East Texas churches, non-profit group, ask U.S. government to help resettle Chinese church members

There is a plea to the federal government tonight; East Texas churches, along with the help of a non-profit group called Freedom Seekers International, are aski
Published: Sep. 14, 2022 at 10:55 PM CDT|Updated: Sep. 14, 2022 at 11:12 PM CDT
Email This Link
Share on Pinterest
Share on LinkedIn

TYLER, Texas (KLTV) - There is a plea to the federal government right now; East Texas churches, along with the help of a non-profit group called Freedom Seekers International, are asking the U.S. government to resettle close to sixty members of a Chinese church, known as Mayflower Church.

Those church members are in limbo in Thailand. KLTV contributor and former Sports Director Ryan Peterson recently spent time with the refugees, and says the church leaders told him that East Texas might be their last hope for freedom.

Pastor Pan Yongguang enjoys a meal with his wife and children on a quiet evening in JeJu, South Korea. The Chinese national and father of two has the weight of an entire church body on his shoulders. 56 men, women and children are following Pan’s lead in a journey for freedom.

“The people just like me have no legal work, no legal status, no place in the society. They may even face the danger of being imprisoned at any time and face the threat of property and life,” the pastor said.

It’s been nearly 3 years since Pan and other leaders of the Shenzhen Holy Reformed Church, now known as the Mayflower Church, decided to flee China. The arrest and imprisonment of Pan’s friend and fellow Pastor Wang Yi, prompted the Mayflower Church to leave everything behind.

“First of all they established an unfair law to reject and suppress the various religions in China,” Pan’s friend and fellow pastor, Wang Yi said.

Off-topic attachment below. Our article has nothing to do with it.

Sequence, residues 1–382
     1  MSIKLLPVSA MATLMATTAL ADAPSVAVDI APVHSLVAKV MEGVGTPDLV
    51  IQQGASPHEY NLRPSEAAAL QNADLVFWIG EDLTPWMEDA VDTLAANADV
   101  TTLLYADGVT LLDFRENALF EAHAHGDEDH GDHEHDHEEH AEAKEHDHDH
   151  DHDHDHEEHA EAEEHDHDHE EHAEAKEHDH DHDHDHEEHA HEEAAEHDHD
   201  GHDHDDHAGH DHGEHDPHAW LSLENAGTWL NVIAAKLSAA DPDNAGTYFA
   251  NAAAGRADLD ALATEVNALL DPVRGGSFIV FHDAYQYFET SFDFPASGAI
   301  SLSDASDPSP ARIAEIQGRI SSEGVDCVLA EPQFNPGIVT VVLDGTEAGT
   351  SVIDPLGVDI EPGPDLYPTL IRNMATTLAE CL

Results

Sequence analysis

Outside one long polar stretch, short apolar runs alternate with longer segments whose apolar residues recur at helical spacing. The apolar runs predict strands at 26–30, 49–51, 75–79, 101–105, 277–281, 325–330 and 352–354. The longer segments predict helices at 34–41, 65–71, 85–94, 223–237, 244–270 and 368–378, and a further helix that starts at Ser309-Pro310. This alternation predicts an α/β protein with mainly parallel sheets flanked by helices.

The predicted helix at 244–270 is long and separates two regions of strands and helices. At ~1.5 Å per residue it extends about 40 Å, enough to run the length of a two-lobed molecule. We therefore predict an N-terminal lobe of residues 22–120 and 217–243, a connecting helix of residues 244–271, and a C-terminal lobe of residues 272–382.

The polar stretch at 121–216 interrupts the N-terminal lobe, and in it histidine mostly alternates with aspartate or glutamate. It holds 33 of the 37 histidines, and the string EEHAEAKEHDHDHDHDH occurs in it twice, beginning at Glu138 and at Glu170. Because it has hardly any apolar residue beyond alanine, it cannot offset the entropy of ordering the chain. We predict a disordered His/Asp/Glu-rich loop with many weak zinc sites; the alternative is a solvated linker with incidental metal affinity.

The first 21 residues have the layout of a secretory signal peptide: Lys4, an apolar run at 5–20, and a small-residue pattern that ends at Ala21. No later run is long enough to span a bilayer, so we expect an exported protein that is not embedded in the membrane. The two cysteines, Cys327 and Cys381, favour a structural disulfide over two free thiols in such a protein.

A woman in the church added, ”The Chinese government persecuted us because of our beliefs. They don’t allow us to congregate and they don’t allow our kids to go to school in our church.”

South Korean lawyer Sunny Jung, who has represented the Mayflower church, told us it’s nearly impossible for Chinese refugees to be granted asylum for religious persecution in Korea.

“Unfortunately in Korea it’s very hard to be admitted as a refugee by the court. They have to have proof of the threat of life,” Jung said. “We will not win the case.”

Since Ryan’s group met with the 57 church members weeks ago in Korea, the men, women and children have relocated to Thailand. Jung and other advisors believed it was safer to leave Korea and improved the church’s chances of avoiding kidnapping by undercover representatives of the Chinese government.

China Aid Founder Bob Fu understands the dangers of a return to China.

“We have seen the Communist Party’s consulate in JeJu Island, have called the family members of the Mayflower Church in JeJu to ask them to go back to China. Calling them as traitors, like endangering national security,” he said. “Everyone concluded we would be handed over to the Chinese prison.”

More than 25 years ago, Fu spent two months in a Chinese prison for ‘illegal evangelism.’ Bob and his wife Heidi were eventually able to flee the country and were granted refugee status in the United States by President Bill Clinton in 1996.

Fu says the danger for The Mayflower Church is real and imminent.

Since April of this year, there have been at least 30 documented threats from the Chinese Communist Party targeting members of the Mayflower Church. There are fears these threats could continue in Thailand.

“Every one of them, even including the children, will be arrested if they are forced to be back to China,” Bob said.

Jung and Fu believe the United States is likely the church’s only hope.

“If the US government or President Biden or Secretary Blinken are serious in caring about religious freedom in China and are really serious in helping those persecuted faithful like the Mayflower church, tomorrow they can just make a decision with the available mechanism for the refugee resettlement to bring the whole Mayflower Church to come over,” Bob said.

A 12-month resettlement plan is being formalized with plans for private funding at no cost to the U.S. government, but the State Department has been unwilling to grant asylum.

For now, Pastor Pan and his church must wait and pray for a miracle, saying, “we know the persecution will get worse and worse.”